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Emergency calls for opioid drug overdoses soared 26% from April through June this year compared with the same months a year ago and state officials blame the increase on the stresses of the pandemic. 

Officials with the Michigan Department of Health and Human Services on Wednesday attributed the increase to the COVID-19 pandemic and urged anyone with a substance use disorder to take precautions against overdosing.

“Opioid overdoses kill far too many Michiganders, and it’s a double tragedy that the pandemic has exacerbated this crisis,” Dr. Joneigh S. Khaldun, Michigan's chief deputy for health and chief medical executive, said in a press release.

“If you or someone you love has an opioid use disorder, please take steps to prevent overdose deaths – like carrying naloxone and never using alone.”

Emergency medical service responses for opioid overdose increased 33% from April to May alone, according to statistics gathered by state health officials.

EMS responses for opioid overdoses increased for all regions and nearly all demographic groups, with the exception of residents aged 65 years and older, according to state data.

The data also revealed people who overdose during the pandemic have been more likely to refuse transport to a hospital. The percentage who declined to go to a hospital from April to June nearly doubled over last year, from 7.7 percent in 2019 to 14.3 percent this year.

It is too early to determine if opioid overdose deaths have increased following the onset of the pandemic due to the length of time required to finalize death certificates, health officials noted. 

As the pandemic has surged, the state health department has increased access to naloxone and continued to provide clean needles through its Syringe Service Programs, MDHHS said in its press release.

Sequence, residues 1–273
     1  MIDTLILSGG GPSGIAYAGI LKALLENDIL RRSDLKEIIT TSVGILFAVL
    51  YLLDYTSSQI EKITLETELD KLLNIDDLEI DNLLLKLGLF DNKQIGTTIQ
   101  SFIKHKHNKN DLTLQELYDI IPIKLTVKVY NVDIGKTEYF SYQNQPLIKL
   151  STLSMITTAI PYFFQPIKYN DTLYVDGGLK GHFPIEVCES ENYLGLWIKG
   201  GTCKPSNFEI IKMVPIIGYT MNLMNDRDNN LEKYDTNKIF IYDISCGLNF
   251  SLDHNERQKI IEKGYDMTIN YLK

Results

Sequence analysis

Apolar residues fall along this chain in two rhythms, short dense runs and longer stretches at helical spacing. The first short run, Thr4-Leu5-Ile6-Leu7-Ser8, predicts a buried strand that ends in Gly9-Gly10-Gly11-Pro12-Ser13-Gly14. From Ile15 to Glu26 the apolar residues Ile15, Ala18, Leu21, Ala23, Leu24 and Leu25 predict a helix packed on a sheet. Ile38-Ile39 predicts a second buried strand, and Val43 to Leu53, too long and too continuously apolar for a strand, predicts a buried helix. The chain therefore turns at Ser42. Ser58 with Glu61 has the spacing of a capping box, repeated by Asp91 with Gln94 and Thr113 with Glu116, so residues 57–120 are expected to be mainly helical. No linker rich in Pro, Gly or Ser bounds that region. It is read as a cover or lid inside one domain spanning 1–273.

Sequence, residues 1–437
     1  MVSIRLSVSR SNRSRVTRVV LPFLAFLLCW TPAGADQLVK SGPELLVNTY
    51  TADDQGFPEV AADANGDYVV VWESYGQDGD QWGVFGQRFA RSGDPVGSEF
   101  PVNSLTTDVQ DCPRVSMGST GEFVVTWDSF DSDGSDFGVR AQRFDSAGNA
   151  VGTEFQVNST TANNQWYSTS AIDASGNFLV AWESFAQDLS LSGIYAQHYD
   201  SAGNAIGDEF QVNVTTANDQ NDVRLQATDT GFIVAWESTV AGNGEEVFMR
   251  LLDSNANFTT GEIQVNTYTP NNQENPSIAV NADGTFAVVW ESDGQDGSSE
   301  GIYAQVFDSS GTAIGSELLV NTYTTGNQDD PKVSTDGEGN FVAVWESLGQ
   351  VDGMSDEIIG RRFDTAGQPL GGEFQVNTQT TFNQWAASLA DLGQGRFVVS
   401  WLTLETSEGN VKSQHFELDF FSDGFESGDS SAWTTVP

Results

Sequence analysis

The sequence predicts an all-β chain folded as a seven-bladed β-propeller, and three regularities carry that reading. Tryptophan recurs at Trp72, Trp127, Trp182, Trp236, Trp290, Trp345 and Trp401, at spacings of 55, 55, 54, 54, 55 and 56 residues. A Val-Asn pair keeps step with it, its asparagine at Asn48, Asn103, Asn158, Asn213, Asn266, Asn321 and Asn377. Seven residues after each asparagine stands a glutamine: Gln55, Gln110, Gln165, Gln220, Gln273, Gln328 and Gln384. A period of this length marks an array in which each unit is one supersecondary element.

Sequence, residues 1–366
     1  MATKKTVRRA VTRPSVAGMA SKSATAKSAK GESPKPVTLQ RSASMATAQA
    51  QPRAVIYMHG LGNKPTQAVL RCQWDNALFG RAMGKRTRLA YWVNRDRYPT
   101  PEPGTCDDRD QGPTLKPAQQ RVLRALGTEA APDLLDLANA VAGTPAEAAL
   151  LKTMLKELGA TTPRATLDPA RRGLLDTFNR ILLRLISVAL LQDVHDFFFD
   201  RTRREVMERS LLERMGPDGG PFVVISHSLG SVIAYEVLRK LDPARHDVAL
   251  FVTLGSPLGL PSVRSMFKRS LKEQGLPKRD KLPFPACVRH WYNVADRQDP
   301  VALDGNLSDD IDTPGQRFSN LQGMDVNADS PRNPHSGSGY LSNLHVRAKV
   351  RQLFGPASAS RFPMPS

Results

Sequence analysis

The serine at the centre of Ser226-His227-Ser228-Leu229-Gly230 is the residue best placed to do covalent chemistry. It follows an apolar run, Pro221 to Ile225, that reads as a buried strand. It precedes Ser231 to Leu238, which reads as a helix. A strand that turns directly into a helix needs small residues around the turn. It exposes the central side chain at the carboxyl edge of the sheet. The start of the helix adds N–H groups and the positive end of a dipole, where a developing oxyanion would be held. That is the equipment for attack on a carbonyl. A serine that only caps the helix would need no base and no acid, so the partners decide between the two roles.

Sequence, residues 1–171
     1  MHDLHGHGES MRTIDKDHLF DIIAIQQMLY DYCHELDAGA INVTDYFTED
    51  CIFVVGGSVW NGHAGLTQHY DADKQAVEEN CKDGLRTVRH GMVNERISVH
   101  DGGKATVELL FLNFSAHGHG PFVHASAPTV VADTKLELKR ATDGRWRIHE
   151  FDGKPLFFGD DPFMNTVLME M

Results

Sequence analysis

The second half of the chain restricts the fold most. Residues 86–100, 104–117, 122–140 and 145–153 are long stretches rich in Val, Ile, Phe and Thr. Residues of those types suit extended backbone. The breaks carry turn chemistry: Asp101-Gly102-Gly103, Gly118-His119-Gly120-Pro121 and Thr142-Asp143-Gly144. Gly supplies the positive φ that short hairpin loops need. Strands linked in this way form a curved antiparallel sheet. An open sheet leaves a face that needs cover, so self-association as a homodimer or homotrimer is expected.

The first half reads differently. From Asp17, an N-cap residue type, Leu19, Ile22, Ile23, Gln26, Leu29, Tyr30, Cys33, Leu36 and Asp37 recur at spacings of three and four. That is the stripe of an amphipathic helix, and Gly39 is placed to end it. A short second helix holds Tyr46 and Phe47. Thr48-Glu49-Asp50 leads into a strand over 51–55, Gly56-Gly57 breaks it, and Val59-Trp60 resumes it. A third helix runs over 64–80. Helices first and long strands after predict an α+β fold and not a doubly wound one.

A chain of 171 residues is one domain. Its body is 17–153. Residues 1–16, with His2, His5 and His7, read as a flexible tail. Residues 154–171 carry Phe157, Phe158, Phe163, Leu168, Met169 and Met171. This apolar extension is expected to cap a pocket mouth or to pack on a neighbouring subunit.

Treatment centers are still open during COVID-19 and are listed online so you can find a center near you. 

If you or a loved one has a substance use disorder, health officials urge you to:

  • Access resources to support the mental and physical health of those with substance use disorder during the COVID-19 pandemic.
  • Contact your primary care provider before you run low on necessary medications; you can find a primary care doctor by contacting a Federally Qualified Health Center in your area.
  • Order Naloxone online to be delivered at no cost to your home; Organizations can request naloxone through the MDHHS online naloxone portal
  • Obtain information on Safer Drug Use during the Covid-19 pandemic. 
  • Avoid using drugs alone by calling Never Use Alone at 800-484-3731; you will be connected to someone who will seek emergency services if you drop off the line or don't respond to a return call.   
  • Find a Syringe Service Program in your area that provides sterile needles, naloxone and other life-saving services.  
  • Call the COVID-19 hotline number at 888-535-6136 and press “8” for free emotional support counseling. Other help lines are listed at Michigan.gov/StayWell, including a peer “warm line” for individuals in distress who want to talk to someone who understands substance use disorders. 

kbouffard@detroitnews.com

Twitter: @kbouffardDN

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